Wealthy socialite Elizabeth Flagg is courted by persistent Michael McLain, despite her protests that she is a married woman. McLain is just charming enough to attract Elizabeth into a ... See full summary »
Jane Budden, a country girl goes to the big city, determined to find and marry a wealthy man. Instead, she meets and marries Hiram Maxim, a struggling inventor. After their marriage, his ... See full summary »
Vincent Doane is in the precarious position of trying to close an advertising account with his rich ex-fiancée. Unfortunately she is more interested in him than in business. Vincent's wife ... See full summary »
Charles 'Buddy' Rogers
Terry Parker (George Brent) is shattered by the crash of his airplane which killed his parents and sister, and adopts a listless attitude toward life. But romance enters in the person of ... See full summary »
After Larry Darrent accidentally kills his lover's blackmailing husband, someone else is arrested for the crime. Larry and Wanda have just three weeks together before the trial and if the ... See full summary »
In this spoof of the story The Maltese Falcon (1941) is based on, a double-crossing woman, the two-timing P.I. she hired, the corpulent "empress of crime", and a gentleman thief are all after a legendary priceless eighth-century ram's horn.
When Lucy Stowell walks over to the telephone to take a call, she throws the newspaper down on the floor in disgust, and it lands about a foot away from the edge of the rug. She leaves the newspaper there, and goes upstairs. When her husband enters the house a minute later, the newspaper is now positioned at the edge of the rug. See more »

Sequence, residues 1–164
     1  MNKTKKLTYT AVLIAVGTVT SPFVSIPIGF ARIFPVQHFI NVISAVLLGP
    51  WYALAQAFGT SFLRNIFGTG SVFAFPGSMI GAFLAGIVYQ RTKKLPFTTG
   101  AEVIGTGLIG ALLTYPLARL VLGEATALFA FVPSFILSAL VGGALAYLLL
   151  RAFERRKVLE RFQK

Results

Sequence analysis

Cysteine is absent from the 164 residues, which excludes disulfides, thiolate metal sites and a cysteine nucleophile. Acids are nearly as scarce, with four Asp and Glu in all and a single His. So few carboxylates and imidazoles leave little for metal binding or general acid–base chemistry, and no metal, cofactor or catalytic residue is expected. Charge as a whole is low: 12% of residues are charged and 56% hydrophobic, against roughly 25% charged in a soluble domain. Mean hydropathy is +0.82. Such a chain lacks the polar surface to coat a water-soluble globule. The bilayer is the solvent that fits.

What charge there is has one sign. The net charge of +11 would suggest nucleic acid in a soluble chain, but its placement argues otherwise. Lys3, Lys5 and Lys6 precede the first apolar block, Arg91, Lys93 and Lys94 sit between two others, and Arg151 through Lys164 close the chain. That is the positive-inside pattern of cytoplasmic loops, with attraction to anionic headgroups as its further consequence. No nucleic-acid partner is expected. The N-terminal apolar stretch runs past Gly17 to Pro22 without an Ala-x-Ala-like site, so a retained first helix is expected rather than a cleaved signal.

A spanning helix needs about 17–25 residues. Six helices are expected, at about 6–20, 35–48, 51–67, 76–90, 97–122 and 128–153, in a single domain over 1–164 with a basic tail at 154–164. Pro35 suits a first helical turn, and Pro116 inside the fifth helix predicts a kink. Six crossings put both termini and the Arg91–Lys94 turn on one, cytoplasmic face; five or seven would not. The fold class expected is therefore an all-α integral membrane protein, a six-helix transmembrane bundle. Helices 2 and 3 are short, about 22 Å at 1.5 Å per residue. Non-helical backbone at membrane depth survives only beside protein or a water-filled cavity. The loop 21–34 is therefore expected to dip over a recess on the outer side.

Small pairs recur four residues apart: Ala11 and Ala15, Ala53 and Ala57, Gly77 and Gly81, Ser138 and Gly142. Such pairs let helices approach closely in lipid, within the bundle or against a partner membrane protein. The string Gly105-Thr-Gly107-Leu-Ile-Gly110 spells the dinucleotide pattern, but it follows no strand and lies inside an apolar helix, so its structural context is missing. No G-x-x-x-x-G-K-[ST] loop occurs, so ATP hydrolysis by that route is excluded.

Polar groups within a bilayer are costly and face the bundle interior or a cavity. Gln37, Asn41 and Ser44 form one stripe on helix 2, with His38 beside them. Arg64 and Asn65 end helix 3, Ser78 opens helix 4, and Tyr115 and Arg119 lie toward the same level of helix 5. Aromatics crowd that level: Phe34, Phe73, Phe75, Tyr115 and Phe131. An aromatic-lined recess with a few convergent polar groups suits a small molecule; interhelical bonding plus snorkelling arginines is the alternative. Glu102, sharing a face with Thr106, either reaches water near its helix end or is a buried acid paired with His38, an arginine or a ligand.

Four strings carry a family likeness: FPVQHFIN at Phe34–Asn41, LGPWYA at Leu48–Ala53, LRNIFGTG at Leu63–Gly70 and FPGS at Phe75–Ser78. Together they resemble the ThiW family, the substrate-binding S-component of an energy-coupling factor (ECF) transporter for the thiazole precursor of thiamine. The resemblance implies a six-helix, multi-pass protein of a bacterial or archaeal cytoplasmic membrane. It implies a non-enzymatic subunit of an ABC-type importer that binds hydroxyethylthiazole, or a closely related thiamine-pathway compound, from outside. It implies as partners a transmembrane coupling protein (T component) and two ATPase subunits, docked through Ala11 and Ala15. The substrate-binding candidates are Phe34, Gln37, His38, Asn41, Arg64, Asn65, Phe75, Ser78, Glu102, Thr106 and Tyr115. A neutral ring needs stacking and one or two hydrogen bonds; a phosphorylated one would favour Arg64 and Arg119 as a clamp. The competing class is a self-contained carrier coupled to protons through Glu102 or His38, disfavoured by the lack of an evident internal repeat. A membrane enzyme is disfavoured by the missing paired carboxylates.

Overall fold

[In reference to dimwitted black cook Creola]
At least she can cook, which is more than you can say for most of them.
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With such an interesting plot idea, this should have been better....
I noticed one of the reviewers complained about Warren William's tendency to over-act. Well, as a fan of the actor, I tend to agree--he DID over-act--and I generally liked his bigger than life and devil-may-care persona. That is why I decided to see "Wives Under Suspicion"--I'd watch just about anything starring this now forgotten star. Sadly, however, this was not one of his better films and it isn't surprising--by 1938, William had moved from his very successful career at Warner Brothers to Universal (a must less prestigious studio at that time) and the budgets were clearly smaller and it showed.
The film begins with William as a gung-ho District Attorney. He lives to prosecute and convict people--and his marriage and personal life have suffered. All he really cares about is winning--and sending as many people as he can to death row. However, when the case of a man who murdered his wife in a fit of anger (Ralph Morgan) is given to him, eventually the parallels between this case and his own sad life became apparent.
I think the biggest problem with this film is that the cast was amazingly limp. Morgan and William were very competent actors, but here they were NOT at their best. In particular, Morgan has a scene where he is supposed to cry but it comes off very poorly--embarrassingly so. In addition, while the story idea is good, the direction and dialog is all either limp or overdone. Director Whale (who made quite a name for himself directing the first two Frankenstein films at Universal) had clearly seen better days and the film failed to impress. It really should have been a lot better given the neat story idea.
5 of 11 people found this review helpful.
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